Directed by: James Mangold
Starring: Tom cruise, Cameron Diaz, Peter Sarsgaard, Jordi Molla, Paul Dano
Rated: PG-13 for sequences of action violence throughout, and brief
Suspension of disbelief can be a tricky thing. A little bit lets us
believe in magic for a couple of hours, or in elves, or vampires, or
in a driver who can make his car do impossible things. Suspension of
disbelief is the oil that helps the engine of the movie run smoothly.
Too much oil, though, makes your engine blow gaskets and stop working.
If a movie demands that its audience suspend their disbelief too much,
it will fall apart.
That is the biggest problem I have with “Knight and Day,” the new Tom
Cruise vehicle. It requires you to suspend your disbelief so strongly
over the course of the film that by halfway in, the characters don’t
even seem vaguely real anymore. What’s the point in worrying about
someone if their actions have no effect on the course of the plot?
There’s no logic to try and figure out, no possible events to see
coming and hope against, because what is happening on the screen in
front of you has so little bearing on what is going to happen later.
We’re presumably supposed to hang on for the ride and just believe,
but there’s not much of a ride when there’s no logical progression.
The setup of the film, and even the first 20 minutes or so, were
extremely promising: an ordinary woman, June (Cameron Diaz), gets
caught up in the adventures of a spy, Roy (Cruise), who is trying to
save a genius inventor and his powerful invention from a rogue agent
who has turned the government against him. June starts out pretty
sympathetic — she restores old cars, is lugging a rolling suitcase
full of parts, and when Roy tells her the pilots of the plane they’re
on are dead, she initially thinks he’s joking.
Roy is promising too. He’s every spy cliche rolled into one: handsome,
a top-notch fighter, able to land a plane in a cornfield in a pinch,
and considerate enough to give June a detailed warning about the
baddies who will likely come after her. He drugs her, takes her home,
leaves her a nice breakfast, and then disappears. At this point, I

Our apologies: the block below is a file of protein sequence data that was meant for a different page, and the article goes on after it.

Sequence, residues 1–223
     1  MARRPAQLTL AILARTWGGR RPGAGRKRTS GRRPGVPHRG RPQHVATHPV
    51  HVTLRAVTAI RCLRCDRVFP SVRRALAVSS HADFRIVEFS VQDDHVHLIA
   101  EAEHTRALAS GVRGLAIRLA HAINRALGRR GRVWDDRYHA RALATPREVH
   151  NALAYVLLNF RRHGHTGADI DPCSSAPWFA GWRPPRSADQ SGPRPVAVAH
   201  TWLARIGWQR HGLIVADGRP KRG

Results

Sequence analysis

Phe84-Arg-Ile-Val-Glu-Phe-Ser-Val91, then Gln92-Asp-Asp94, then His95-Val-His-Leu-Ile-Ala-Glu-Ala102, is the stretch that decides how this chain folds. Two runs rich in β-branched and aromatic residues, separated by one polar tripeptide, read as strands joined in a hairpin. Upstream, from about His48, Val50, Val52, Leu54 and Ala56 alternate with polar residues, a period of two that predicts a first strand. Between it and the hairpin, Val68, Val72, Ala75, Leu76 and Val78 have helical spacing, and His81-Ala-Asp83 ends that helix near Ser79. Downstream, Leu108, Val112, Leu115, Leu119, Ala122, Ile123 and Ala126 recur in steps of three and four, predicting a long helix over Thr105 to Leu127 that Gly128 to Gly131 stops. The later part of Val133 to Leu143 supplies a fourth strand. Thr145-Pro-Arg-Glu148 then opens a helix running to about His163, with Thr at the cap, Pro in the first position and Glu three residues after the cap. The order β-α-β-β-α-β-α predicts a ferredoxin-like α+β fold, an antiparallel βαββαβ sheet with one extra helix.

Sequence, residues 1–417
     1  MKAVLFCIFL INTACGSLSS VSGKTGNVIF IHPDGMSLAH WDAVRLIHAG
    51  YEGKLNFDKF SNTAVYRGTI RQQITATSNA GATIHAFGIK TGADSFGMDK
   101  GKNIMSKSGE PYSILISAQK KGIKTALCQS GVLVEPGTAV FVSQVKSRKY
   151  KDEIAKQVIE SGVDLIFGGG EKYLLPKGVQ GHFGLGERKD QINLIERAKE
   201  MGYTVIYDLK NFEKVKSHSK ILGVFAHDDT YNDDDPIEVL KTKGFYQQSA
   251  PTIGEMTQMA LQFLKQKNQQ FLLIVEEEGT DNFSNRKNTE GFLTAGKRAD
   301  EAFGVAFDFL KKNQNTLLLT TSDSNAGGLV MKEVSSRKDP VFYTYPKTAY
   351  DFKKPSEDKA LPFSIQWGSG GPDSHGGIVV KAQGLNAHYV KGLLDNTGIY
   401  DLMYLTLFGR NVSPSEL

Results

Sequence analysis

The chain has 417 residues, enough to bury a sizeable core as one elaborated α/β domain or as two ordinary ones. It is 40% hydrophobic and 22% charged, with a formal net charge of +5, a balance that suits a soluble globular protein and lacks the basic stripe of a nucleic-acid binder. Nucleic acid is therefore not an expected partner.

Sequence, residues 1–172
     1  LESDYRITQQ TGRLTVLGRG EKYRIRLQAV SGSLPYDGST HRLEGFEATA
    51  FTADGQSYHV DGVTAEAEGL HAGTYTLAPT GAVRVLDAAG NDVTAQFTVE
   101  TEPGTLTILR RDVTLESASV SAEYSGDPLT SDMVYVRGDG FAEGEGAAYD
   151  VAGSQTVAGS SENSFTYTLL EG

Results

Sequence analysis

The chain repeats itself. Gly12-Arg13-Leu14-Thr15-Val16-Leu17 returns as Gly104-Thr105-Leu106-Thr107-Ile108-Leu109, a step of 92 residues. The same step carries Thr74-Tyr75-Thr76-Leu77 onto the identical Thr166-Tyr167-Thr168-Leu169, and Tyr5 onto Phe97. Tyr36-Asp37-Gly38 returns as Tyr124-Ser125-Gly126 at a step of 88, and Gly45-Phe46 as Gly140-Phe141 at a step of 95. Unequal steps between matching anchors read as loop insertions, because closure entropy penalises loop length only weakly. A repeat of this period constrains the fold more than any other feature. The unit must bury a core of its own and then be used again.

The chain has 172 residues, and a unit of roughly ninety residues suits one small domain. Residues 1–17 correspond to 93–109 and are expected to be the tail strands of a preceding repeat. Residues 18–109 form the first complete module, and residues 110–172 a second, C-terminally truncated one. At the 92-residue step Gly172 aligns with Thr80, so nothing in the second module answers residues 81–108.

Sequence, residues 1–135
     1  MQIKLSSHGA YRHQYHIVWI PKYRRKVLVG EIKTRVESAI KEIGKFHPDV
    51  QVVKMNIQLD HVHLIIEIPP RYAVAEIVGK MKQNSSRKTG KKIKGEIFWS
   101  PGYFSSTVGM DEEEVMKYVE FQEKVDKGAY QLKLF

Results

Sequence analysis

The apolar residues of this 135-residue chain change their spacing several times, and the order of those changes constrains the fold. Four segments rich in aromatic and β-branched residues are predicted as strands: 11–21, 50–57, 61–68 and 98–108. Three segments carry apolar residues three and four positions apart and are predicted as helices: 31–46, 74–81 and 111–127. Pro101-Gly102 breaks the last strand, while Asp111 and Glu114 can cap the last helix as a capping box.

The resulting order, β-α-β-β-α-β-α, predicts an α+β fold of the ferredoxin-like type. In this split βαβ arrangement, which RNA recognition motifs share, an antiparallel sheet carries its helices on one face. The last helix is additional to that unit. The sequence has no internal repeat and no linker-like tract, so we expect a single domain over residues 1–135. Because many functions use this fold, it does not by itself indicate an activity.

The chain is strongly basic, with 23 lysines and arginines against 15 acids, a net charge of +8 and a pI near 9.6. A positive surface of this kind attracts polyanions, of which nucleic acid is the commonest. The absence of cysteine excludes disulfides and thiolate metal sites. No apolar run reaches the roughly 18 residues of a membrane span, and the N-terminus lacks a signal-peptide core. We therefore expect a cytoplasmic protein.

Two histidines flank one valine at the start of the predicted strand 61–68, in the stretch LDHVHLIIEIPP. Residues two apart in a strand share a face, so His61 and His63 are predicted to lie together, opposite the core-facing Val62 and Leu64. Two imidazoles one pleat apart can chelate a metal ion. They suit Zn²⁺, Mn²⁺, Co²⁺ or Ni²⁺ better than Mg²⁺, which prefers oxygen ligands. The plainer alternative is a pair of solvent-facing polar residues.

thought my initial impressions from the trailers (namely, that this
was going to be an astonishingly bad film) were wrong. I should never
have doubted the director who brought us “Walk the Line” and “3:10 to
Yuma,” I told myself.
Sadly, my early optimism was quickly dashed and my doubts were proven
to be spot-on. June ignores Roy’s warnings and lets the government
agents get her into a car, so she then has to be rescued. She goes
into shock and tries to get away from him, but he chases her down,
tells her she has no chance on her own, and she throws her lot in with
him. Then he winds up having to drug her again and what looks, from
the glimpses we see through her eyes, like the best part of the movie
is glossed over until they’re on a desert island and she wakes up in a
bikini for some light romance and banter.
June’s mechanic abilities vanish almost immediately and she alternates
between shrieking damsel and skillful amateur spy (Roy compliments her
on several occasions). Roy has the same expression of
barely-restrained mania for almost the entire film, making the
agency’s allegations that he’s gone crazy pretty believable. On the
rare occasions when he’s being serious, it’s impossible to tell
whether he’s lying or not (he lies for a variety of reasons, most of
which the film wants us to believe turn out to be for June’s own
good). June and Roy fall for each other for no obvious reason, since
their chemistry consists of her getting them in danger and him having
to get them out.
The best thing I can say about the film is that the special effects
are very, very good. Most action movies these days have good enough
effects and cinematography that even if the writing and acting are
appalling, you have pretty things to look at. “Knight and Day” is no
exception. Unfortunately, its writing is some of the laziest I’ve ever
had the misfortune to see. The “seeing things through a drugged
person’s eyes” approach is used several times to gloss over the
logistics and fighting necessary to move from point A to point C. It
was kind of funny the first time, in a quasi-satirical kind of way,
but eventually it just looked like the writers couldn’t be bothered to
condense their film so it would fit the time limit, so they cut whole
sections and replaced them with druged-protagonist sequences.
The idea behind the film is a good one, but the execution is so
terrible that the only reasons I can think of to recommend the film to
anyone are masochism or an obsessive love for the main actors.